Five university students and the Socio-Economic Rights and Accountability Project (SERAP) have filed a lawsuit against President Muhammadu Buhari’s administration over the Federal Government’s failure to meet the demands of the Academic Staff Union of Universities (ASUU), which led to the protracted strike action and violated the students’ right to a high-quality education.
SERAP requested that the Federal Government’s denial be ruled unconstitutional by the court.
Chris Ngige, the minister of labor, employment, and productivity, and Abubakar Malami, SAN, the attorney general of the federation and minister of justice, are named as defendants in the lawsuit.
The lawsuit was brought about by the Federal Government’s apparent unwillingness to implement the agreements with ASUU, to put an end to the union’s more than seven-month-old industrial action, and by the Government’s threat to impose its “no work, no pay” policy.
In the suit filed on behalf of SERAP and the students by their lawyer, Tayo Oyetibo, SAN, at the National Industrial Court, Abuja, at the weekend, SERAP and the students asked for: “an order directing President Buhari and Mr Ngige to immediately implement all the agreements with ASUU in order to end the strike action and violation of the students’ right to quality education.”
The students who are co-claimants in the suit are: Dongo Daniel Davou; Oyebode Joshua Babafemi; Ejie Kemkanma; Peter Itohowo Aniefiok; and Imam Naziru. They are students of Plateau State University, Obafemi Awolowo University, University of Port Harcourt, University of Uyo, and University of Ibadan, respectively.
According to SERAP and the students: “Disruption of classes undermines both the quality and duration of students’ education. This situation has aggravated existing disparities in access to university education in the country, further marginalizing economically disadvantaged parents and students.”
The suit read in part: “The Federal Government has failed to respect, protect, promote and fulfil the right to quality education, and the right to freedom of association through the principle of collective bargaining.
“Although Nigeria has ratified several human rights treaties, which guarantee the right to quality education of Nigerian students, the Federal Government has over the years refused to meet the demands by ASUU, and to address the poor environment in the country’s universities.
“The failure to implement the agreements with ASUU is also a fundamental breach of the right to education without discrimination or exclusion, as strike actions continue to penalize economically disadvantaged parents who have no means or capacity to send their children to private schools.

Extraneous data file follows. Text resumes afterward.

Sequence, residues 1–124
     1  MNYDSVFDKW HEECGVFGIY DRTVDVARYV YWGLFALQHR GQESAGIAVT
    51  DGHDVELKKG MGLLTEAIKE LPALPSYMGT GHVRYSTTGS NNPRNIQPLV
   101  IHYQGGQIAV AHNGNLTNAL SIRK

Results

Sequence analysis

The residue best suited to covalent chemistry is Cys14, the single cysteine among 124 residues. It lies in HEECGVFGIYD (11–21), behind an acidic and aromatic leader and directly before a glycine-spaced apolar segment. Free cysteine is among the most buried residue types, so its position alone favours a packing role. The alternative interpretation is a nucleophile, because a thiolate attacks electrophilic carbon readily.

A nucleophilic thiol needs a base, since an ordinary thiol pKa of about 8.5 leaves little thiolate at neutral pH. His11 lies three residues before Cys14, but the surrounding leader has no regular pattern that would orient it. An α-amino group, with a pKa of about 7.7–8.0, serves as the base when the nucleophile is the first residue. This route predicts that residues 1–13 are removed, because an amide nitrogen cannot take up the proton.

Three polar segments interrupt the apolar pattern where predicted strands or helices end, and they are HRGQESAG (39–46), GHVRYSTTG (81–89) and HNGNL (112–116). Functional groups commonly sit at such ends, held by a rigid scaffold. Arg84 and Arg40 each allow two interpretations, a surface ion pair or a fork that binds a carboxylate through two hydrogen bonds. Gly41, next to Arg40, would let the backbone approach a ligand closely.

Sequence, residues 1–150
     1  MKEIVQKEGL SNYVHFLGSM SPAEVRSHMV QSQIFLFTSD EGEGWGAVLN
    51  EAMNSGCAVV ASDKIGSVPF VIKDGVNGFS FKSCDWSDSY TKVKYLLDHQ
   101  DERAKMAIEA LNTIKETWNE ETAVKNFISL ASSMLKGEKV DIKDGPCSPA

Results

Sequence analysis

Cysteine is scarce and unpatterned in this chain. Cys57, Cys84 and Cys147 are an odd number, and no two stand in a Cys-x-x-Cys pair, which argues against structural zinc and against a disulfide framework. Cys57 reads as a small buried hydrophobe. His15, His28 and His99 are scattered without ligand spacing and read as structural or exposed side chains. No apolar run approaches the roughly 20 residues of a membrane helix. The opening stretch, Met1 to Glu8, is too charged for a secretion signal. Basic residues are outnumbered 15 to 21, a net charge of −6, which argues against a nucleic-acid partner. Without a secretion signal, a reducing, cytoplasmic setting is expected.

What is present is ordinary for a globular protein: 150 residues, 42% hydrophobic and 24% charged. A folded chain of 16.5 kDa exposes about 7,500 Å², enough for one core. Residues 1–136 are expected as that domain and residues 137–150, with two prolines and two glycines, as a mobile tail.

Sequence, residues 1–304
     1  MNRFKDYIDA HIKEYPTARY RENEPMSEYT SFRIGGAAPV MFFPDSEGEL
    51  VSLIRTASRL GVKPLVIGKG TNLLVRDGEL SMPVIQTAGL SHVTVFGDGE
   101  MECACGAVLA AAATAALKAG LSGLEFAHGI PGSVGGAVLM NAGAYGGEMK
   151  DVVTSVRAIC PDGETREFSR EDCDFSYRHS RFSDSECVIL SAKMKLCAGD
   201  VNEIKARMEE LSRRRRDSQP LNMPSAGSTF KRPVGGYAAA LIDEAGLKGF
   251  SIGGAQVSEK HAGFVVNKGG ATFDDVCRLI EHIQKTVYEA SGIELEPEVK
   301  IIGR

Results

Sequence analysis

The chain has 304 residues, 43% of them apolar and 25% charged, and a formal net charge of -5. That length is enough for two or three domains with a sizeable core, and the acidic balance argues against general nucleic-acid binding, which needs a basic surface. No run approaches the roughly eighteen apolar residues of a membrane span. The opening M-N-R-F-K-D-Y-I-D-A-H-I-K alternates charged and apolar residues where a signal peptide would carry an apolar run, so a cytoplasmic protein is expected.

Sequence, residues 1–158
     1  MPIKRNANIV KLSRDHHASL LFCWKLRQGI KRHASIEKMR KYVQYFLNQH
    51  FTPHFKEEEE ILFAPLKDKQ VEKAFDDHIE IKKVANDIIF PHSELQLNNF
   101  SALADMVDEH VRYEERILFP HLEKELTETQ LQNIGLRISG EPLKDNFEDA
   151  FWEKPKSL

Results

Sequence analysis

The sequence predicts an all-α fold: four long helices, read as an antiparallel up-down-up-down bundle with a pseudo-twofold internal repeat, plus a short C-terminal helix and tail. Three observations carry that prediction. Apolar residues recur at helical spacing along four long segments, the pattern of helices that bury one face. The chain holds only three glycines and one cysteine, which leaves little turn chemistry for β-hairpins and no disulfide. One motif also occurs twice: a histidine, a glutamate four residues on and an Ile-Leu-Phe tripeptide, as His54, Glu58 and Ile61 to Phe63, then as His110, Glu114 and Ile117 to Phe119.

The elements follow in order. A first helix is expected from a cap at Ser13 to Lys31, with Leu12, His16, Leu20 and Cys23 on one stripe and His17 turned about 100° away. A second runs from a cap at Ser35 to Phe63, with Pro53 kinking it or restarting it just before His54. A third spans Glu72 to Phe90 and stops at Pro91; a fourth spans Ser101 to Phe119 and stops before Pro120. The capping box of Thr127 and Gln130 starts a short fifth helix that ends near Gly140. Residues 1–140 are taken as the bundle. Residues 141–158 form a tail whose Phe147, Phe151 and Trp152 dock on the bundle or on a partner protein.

“SERAP had earlier advised President Buhari to recover the N105.7 billion stolen public funds and utilize same in addition to specified percentages of the N3.6 billion feeding and travels allowances for the President and the N134 billion allocated to the National Assembly in the 2022 Budget to meet the legitimate demands by ASUU.
“Apart from being a right in itself, the right to education is also an enabling right. Education is a public good.
“The right to bargain freely with employers with respect to conditions of work constitutes an essential element in freedom of association, and trade unions including ASUU should have the right to seek to improve the living and working conditions of those whom they represent.”
“The Federal Government has continued to ignore the plights of teeming undergraduates, who have been denied access to quality education due to the lingering strike action occasioned by the continued reluctance of the Defendants and their agents to implement the agreements with ASUU.
“The breach of the agreements by the Federal Government clearly provides a reasonable basis for ASUU members to exercise their right to strike as a last resort. It is unlawful to punish the members simply for peacefully exercising their right.
“Nigerian students in public universities have suffered many years of disruption as a result of the failure of governments to address the root causes of strike action by ASUU and to faithfully implement the agreements reached with the union, leading to devastating consequences on the right to equal and quality higher education.
“According to reports and available evidence, the FGN-ASUU Initialled 2009 Agreement sought among others, the resolution of the following underlying issues: proper funding of public tertiary institutions to the tune of N1.3 trillion to be implemented across a period of 4 years between 2009 and 2013.
“It was agreed that the N1.3 trillion funding of Government-owned tertiary institutions would span between years 2014 and 2018. It was also agreed that the sum of N200 billion Naira would be released to public tertiary institutions in 2013 while a tranche of N220 billion Naira was to be paid yearly between 2014 and 2018.”
“However, according to reports, only the sum of N200 billion Naira was released in 2014 and no other sum, apart from the sum of N20 billion Naira released in 2019 was paid to the institutions.”
Meanwhile, no date has been fixed for the hearing of the suit.